Question: What are the proven practices for workspace mapping?

- J.D. Meier, Jason Taylor, Alex Mackman, Prashant Bansode

Answer

Workspace mapping is the means by which you map files and folders on the server to a location on your local hard drive.

Consider the following practices for creating workspace mappings:
  • Create mappings at the team project root level. For new team projects, map your team project root ($/MyTeamProject) to a folder with the same name on your local drive; for example, C:\TeamProjects. Because mappings are recursive, your entire local folder structure is created automatically and will be exactly the same as the structure in source control.
  • Use a unique local folder path on shared computers. Two users of a single computer cannot share the same workspace mapping. For example, you and a colleague cannot map the same team project ($/MyTeamProject) to the same folder on the local computer. Instead, create mappings beneath My Documents (although this leads to long location paths) or establish a team folder naming convention on the local computer (e.g., C:\TeamProjects\User1, C:\TeampProjects\User2 etc).
  • You may not need the entire tree. To improve performance and reduce disk size requirements, only map the files you need for your development project. In general, you will only need the files and projects associated with the solution on which you will work.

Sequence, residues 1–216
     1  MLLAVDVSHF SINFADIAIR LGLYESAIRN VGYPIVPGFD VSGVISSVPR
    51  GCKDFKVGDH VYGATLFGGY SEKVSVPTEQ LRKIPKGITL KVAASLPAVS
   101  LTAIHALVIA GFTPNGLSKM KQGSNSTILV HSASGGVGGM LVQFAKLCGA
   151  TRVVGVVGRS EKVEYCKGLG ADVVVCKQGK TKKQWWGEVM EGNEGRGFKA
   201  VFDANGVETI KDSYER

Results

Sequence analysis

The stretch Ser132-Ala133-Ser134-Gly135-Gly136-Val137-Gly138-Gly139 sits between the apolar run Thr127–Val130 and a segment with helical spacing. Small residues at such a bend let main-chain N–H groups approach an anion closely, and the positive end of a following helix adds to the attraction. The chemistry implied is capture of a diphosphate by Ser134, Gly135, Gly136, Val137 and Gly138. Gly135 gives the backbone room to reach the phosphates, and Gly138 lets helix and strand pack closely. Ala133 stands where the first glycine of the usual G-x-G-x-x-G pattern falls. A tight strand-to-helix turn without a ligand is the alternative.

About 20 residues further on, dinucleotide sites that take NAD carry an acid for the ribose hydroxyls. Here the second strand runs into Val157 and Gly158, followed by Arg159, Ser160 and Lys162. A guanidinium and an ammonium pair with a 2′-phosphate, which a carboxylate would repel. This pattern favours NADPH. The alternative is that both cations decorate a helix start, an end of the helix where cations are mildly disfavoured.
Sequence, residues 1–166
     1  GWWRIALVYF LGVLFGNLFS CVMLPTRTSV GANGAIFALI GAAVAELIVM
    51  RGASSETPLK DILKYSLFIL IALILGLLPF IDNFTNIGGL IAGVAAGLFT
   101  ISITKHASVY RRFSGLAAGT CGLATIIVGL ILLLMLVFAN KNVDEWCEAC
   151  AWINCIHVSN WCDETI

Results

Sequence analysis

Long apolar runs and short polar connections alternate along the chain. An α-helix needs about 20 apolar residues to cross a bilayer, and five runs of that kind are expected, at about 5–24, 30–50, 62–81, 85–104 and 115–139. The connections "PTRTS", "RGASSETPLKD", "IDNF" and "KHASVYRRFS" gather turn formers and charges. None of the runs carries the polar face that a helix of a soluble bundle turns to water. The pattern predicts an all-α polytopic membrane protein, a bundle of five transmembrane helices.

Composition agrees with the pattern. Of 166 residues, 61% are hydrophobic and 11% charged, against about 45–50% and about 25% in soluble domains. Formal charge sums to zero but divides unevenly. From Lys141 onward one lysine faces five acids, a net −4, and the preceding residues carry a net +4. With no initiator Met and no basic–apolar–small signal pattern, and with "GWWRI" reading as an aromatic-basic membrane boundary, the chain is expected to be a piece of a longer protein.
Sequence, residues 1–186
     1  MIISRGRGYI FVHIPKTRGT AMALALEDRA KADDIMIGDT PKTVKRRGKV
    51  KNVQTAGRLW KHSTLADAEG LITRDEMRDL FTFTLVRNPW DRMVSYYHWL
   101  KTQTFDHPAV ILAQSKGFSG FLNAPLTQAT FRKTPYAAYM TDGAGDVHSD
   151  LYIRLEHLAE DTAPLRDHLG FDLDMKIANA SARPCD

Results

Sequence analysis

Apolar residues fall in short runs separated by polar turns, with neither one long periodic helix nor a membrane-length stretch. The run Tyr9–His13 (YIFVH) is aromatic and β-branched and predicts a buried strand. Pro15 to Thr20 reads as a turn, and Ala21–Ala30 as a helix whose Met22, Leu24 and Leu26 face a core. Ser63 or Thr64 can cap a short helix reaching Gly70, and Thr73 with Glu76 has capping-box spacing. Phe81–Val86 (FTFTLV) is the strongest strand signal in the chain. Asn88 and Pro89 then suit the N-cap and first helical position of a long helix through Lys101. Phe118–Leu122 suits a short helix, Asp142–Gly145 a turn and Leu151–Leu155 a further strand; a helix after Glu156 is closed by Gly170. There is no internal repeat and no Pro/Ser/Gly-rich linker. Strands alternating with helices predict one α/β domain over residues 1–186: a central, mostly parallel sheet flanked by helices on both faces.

• Avoid using workspace mapping to support cross-project dependencies. In general, you should avoid dependencies that cross team projects and try to have all the related/dependent solutions/projects under the same team project. This reduces the need for build script customization. If you have a dependency, use project references to define the dependency, or branch the dependency from a shared project into your project. You should avoid file references because they are more difficult to manage. The exception is when the dependent project is developed in parallel and you need to make real-time changes. In this case, you can consider using the workspace mapping. You can still consider branching to create a buffer of isolation if the dependent code is causing too many breaking changes.

Additional Resources


Last edited Jul 18, 2007 at 11:05 PM by jtaylorsi, version 7

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